Even under normal circumstances, toothaches are awful. A mild one can keep you from comfortably eating, and a severe one can make it impossible to sleep or even function at all. And, unfortunately, dealing with a toothache during COVID-19 can be even more stressful because, while dentists are still open for emergencies, their hours have been reduced. But not to worry! Below, you’ll learn about 6 at-home toothache remedies to manage pain and stay comfortable until you see a dentist.
Applying an ice pack or cold compress to the outside of your lip or cheek can reduce pain and inflammation from a toothache. However, only do this for 15-20 minutes at a time to protect your skin.
Swishing with saltwater every few hours is a safe and effective way to soothe pain and promote healing. To make it, just put a ¼ teaspoon of salt into a glass of lukewarm water and dissolve.
Garlic contains a powerful antibacterial agent called allicin that targets the bacteria that cause cavities. For this remedy, cut a small clove of garlic in half and chew it slightly before leaving it on the surface of your tooth for 10-20 minutes.
4. Peppermint Tea
Peppermint tea has small amounts of menthol, a compound with mild analgesic (numbing) effects. To temporarily relieve a toothache, swish with lukewarm peppermint tea several times or hold a wet, lukewarm peppermint tea bag on the tooth itself.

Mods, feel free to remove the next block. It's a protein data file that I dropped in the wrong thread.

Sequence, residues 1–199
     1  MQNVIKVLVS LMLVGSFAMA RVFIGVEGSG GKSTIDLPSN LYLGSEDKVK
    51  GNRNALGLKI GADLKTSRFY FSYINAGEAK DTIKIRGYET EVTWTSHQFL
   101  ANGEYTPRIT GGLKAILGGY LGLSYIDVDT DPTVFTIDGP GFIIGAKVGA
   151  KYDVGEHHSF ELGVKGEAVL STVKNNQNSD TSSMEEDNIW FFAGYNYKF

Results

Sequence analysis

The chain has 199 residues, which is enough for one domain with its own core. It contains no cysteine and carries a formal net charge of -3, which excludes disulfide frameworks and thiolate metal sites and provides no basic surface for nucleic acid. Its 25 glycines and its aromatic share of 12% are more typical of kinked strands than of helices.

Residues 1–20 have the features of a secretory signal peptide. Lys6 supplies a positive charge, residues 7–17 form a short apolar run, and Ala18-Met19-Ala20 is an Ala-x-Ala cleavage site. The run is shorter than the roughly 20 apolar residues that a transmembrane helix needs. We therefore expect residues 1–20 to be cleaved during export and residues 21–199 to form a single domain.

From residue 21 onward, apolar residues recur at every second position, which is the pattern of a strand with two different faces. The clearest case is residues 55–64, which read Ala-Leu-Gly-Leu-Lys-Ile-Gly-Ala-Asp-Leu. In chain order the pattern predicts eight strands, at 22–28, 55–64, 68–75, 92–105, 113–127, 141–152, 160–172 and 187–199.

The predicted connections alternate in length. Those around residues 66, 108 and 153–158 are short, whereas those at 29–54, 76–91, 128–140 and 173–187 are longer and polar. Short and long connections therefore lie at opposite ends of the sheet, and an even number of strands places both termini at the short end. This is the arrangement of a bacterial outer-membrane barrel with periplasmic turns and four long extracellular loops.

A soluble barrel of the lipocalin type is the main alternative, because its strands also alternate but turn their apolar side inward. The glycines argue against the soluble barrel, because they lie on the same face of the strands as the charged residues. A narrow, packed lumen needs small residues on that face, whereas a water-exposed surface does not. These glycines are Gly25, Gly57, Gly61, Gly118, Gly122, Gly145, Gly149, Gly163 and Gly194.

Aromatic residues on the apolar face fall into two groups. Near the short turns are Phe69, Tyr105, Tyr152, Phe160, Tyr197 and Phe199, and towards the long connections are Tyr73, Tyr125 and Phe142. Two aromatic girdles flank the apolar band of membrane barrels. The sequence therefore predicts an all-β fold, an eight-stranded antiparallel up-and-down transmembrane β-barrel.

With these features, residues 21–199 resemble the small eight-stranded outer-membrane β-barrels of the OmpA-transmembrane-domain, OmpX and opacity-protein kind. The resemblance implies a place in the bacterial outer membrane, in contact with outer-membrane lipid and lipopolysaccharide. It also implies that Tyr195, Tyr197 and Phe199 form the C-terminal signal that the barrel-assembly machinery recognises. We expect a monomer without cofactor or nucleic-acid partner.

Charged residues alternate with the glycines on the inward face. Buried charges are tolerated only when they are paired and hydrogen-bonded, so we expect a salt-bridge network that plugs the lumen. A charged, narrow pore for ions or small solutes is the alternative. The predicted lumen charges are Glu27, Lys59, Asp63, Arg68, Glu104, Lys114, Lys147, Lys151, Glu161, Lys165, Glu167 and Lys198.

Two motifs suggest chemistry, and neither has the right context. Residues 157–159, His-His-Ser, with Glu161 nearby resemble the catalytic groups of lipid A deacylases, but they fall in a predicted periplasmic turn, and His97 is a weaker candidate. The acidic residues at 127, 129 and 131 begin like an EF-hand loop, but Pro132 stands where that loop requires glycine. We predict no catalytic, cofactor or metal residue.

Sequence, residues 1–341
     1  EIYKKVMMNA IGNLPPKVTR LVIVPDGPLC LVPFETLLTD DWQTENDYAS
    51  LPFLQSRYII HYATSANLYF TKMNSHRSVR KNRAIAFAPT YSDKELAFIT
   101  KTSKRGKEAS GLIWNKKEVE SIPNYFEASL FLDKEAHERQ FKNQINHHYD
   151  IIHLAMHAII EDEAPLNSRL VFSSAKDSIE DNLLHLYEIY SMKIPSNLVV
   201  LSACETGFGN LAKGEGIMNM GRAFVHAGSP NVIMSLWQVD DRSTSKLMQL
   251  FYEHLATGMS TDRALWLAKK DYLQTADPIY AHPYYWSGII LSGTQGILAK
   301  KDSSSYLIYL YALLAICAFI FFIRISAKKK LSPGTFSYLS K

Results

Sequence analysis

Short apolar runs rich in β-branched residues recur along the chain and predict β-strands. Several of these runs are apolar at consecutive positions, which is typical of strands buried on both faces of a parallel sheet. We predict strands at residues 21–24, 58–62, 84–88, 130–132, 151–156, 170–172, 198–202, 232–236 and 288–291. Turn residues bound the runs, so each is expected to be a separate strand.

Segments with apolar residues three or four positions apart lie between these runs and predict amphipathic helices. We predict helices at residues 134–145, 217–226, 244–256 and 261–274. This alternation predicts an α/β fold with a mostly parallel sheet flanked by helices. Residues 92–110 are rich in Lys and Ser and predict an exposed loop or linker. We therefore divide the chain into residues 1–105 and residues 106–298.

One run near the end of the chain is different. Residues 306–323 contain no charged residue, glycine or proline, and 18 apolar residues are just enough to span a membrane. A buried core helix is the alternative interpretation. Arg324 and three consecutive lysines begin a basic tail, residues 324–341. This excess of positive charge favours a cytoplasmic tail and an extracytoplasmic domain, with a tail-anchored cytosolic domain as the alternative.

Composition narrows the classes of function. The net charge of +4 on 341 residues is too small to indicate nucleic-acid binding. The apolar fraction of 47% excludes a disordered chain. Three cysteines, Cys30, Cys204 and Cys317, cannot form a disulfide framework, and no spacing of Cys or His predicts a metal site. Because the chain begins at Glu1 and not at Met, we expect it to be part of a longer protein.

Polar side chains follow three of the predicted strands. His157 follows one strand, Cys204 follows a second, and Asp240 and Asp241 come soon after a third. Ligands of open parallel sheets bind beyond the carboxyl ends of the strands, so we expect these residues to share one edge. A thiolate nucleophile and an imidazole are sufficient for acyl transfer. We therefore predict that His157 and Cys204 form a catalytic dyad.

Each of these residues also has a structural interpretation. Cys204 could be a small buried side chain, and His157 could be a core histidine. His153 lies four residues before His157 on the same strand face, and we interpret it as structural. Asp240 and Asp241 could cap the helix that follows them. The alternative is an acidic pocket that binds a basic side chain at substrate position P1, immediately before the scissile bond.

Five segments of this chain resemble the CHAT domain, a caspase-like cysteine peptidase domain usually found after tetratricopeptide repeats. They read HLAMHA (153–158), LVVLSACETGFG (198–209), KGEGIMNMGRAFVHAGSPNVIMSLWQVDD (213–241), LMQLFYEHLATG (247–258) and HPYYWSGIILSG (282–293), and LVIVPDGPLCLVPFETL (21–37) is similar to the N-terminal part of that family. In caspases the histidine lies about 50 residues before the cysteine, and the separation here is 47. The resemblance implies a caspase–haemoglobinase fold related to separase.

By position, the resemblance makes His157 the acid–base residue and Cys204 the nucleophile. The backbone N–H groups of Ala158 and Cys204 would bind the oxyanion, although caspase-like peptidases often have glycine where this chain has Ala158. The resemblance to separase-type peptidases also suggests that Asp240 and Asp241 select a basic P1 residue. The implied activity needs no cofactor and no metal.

Did you know that clove has been used in dentistry since the 1800s? It contains an antibacterial compound called eugenol that relieves pain and inflammation and encourages healing. However, since clove is very strong, it should only be used for adults.
To use whole cloves, grind them and soak them in water to make a paste and apply a small amount to your tooth for 10-15 minutes. You can also use a very small amount of clove oil from the drugstores or pharmacy (put just 1-2 drops in a glass of lukewarm water and swish with it periodically).
6. Over-the-Counter Pain Medication
Most people have OTC pain medications on hand like ibuprofen, naproxen sodium, or acetaminophen. It’s absolutely fine to take these as directed for dental pain. However, don’t forget that you still need to see a dentist, even if your pain subsides. Some toothaches are the result of an infection that can spread to the rest of the body and become very dangerous if left untreated.
During COVID-19, you can’t always see a dentist for emergency care right away. But with these 6 toothache remedies, you can at least stay comfortable until your visit.
About the Author
As a general and emergency dentist, Dr. Chris Long’s office is open for emergency care during COVID-19. And, as always, he’s happy to chat over the phone if someone has a dental problem and isn’t sure if they need care or not. If you have a toothache during COVID-19 or have any questions, he can be reached via his website.